Assessing the Impacts of Climate Variability and Climate Change on Biodiversity in Lake Nakuru, Kenya

Citation:
WAMBUI MBOTEBETH, Opere A, GITHAIGA JOHNM, Karanja FK. "Assessing the Impacts of Climate Variability and Climate Change on Biodiversity in Lake Nakuru, Kenya." Bonorowo Wetlands. 2018;8(1):13-24.

Abstract:

Wambui MB, Opere A, Githaiga MJ, Karanja FK. 2017. Assessing the impacts of climate variability and climate change on biodiversity in Lake Nakuru, Kenya. Bonorowo Wetlands 1: 13-24. This study evaluates the impacts of the raised water levels and the flooding of Lake Nakuru and its surrounding areas on biodiversity, specifically, the phytoplankton and lesser flamingo communities, due to climate change and climate variability. The study was to review and analyze noticed climatic records from 2000 to 2014. Several methods were used to ascertain the past and current trends of climatic parameters (temperature, rainfall and evaporation), and also the physicochemical characteristics of Lake Nakuru (conductivity, phytoplankton, lesser flamingos and the lake depth). These included time series analysis, and trend analysis, so the Pearson’s correlation analysis was used to show a relationship between the alterations in lake conductivity to alterations in population estimates of the lesser flamingos and the phytoplankton. Data set extracted from the Coupled Model Intercomparison Project Phase 5 (CMIP5) (IPCC Fifth Assessment Report (AR5) Atlas subset) models were subjected to time series analysis method where the future climate scenarios of near surface temperature, rainfall and evaporation were plotted for the period 2017 to 2100 (projection) for RCP2.6 and RCP8.5 relative to the baseline period 1971 to 2000 in Lake Nakuru were analysed. The results were used to evaluate the impact of climate change on the lesser flamingos and phytoplankton abundance. It was noticed that there was a raise in the mean annual rainfall during the study period (2009 to 2014) which brought the increment in the lake’s surface area from a low area of 31.8 km² in January 2010 to a high of 54.7 km² in Sept 2013, indicating an increment of 22.9 km² (71.92% surface area increment). Mean conductivity of the lake also lessened leading to the loss of phytoplankton on which flamingos feed making them to migrate. A strong positive correlation between conductivity and the lesser flamingo population was noticed signifying that low conductivity affects the growth of phytoplankton and since the lesser flamingos depend on the phytoplankton for their feed, this subsequently revealed that the phytoplankton density could be a notable predictor of the lesser flamingo occurrence in Lake Nakuru. There was also a strong positive correlation noticed between phytoplankton and the lesser flamingo population which confirms that feed availability is a key determining factor of the lesser flamingo distribution in the lake. It is projected that there would be an increment in temperatures, rainfall and evaporation for the period 2017 to 2100 under RCP2.6 and RCP8.5 relative to the baseline period 1971 to 2000 obtained from the Coupled Model Intercomparison Project phase 5 (CMIP5) multi-model ensemble. As a result, it is expected that the lake will further increment in surface area and depth by the year 2100 due to increased rainfall thereby affecting the populations of the lesser flamingos and phytoplankton, as the physicochemical factors of the lake will alter as well during the projected period.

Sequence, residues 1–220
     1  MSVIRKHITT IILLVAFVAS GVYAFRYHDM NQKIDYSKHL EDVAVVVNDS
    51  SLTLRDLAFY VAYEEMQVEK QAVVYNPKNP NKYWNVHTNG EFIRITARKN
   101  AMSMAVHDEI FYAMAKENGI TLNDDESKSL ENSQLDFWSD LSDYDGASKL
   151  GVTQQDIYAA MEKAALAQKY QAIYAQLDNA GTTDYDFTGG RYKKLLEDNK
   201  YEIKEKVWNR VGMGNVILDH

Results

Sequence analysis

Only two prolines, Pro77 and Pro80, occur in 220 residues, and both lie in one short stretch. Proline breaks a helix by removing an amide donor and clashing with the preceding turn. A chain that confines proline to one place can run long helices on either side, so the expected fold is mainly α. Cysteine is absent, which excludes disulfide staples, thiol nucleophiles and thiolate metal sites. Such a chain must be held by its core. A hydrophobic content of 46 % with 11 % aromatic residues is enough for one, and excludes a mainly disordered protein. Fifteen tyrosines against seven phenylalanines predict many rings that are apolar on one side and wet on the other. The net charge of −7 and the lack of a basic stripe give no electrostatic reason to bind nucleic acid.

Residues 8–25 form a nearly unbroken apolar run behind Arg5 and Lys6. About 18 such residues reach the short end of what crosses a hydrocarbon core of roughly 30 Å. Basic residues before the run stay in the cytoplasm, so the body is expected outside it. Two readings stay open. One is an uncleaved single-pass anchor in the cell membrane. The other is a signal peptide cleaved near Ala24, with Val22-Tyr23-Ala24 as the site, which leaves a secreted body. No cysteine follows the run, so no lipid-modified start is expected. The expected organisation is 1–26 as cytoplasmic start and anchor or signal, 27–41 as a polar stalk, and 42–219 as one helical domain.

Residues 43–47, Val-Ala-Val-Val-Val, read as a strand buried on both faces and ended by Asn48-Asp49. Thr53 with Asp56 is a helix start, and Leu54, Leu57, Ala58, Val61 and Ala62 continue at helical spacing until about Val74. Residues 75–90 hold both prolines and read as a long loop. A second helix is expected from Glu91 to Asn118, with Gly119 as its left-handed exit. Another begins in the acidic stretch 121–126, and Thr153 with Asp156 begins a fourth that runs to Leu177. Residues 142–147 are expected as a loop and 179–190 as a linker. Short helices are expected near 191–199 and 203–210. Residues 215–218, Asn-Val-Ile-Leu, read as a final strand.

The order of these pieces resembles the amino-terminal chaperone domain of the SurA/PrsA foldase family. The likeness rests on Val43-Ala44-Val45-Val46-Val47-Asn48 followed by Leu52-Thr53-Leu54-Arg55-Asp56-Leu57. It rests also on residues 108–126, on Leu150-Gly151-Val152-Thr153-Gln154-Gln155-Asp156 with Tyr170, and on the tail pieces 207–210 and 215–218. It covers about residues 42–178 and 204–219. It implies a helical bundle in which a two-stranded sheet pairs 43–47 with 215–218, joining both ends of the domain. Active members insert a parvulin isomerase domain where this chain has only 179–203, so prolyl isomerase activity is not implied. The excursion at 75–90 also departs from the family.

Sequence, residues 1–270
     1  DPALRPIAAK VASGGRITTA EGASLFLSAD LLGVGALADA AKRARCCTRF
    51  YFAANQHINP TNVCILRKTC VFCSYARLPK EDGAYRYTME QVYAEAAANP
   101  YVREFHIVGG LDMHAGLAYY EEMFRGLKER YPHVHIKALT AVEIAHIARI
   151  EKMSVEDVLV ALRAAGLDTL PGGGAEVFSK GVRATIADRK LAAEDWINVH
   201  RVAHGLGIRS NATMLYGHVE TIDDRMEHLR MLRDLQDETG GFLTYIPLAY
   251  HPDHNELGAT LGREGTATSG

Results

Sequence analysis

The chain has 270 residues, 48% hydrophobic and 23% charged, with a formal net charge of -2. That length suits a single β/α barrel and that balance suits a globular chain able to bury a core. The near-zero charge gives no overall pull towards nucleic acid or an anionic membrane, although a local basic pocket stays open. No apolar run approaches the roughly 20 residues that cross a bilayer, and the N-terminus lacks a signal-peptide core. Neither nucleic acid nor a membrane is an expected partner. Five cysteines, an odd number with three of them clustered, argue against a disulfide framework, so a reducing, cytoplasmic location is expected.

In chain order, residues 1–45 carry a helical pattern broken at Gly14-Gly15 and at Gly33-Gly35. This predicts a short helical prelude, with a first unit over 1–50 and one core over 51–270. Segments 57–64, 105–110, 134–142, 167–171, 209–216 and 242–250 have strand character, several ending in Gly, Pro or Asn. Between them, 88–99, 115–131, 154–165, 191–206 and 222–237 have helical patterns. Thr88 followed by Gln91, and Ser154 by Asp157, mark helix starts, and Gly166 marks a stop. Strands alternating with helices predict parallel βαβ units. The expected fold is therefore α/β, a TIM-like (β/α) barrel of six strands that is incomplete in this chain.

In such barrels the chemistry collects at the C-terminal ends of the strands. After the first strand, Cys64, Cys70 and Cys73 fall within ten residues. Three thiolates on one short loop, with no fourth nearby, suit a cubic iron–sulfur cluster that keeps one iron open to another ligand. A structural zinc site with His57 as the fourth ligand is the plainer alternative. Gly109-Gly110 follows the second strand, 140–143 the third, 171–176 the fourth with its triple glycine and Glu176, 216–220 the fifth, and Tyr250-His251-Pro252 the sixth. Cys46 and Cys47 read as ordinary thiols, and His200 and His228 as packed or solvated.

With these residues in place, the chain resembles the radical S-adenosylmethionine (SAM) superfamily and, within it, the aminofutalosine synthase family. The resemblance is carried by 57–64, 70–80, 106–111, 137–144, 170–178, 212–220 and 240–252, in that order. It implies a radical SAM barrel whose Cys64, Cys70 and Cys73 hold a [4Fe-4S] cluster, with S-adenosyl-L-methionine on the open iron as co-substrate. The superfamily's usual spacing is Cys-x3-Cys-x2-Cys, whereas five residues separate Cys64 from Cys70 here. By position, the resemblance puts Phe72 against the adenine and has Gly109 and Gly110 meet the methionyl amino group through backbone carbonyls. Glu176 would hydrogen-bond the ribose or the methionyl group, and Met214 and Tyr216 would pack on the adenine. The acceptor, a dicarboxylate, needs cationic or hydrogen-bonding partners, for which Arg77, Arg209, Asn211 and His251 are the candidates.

Keywords: Biodiversity, climate change, Lake Nakuru, Kenya

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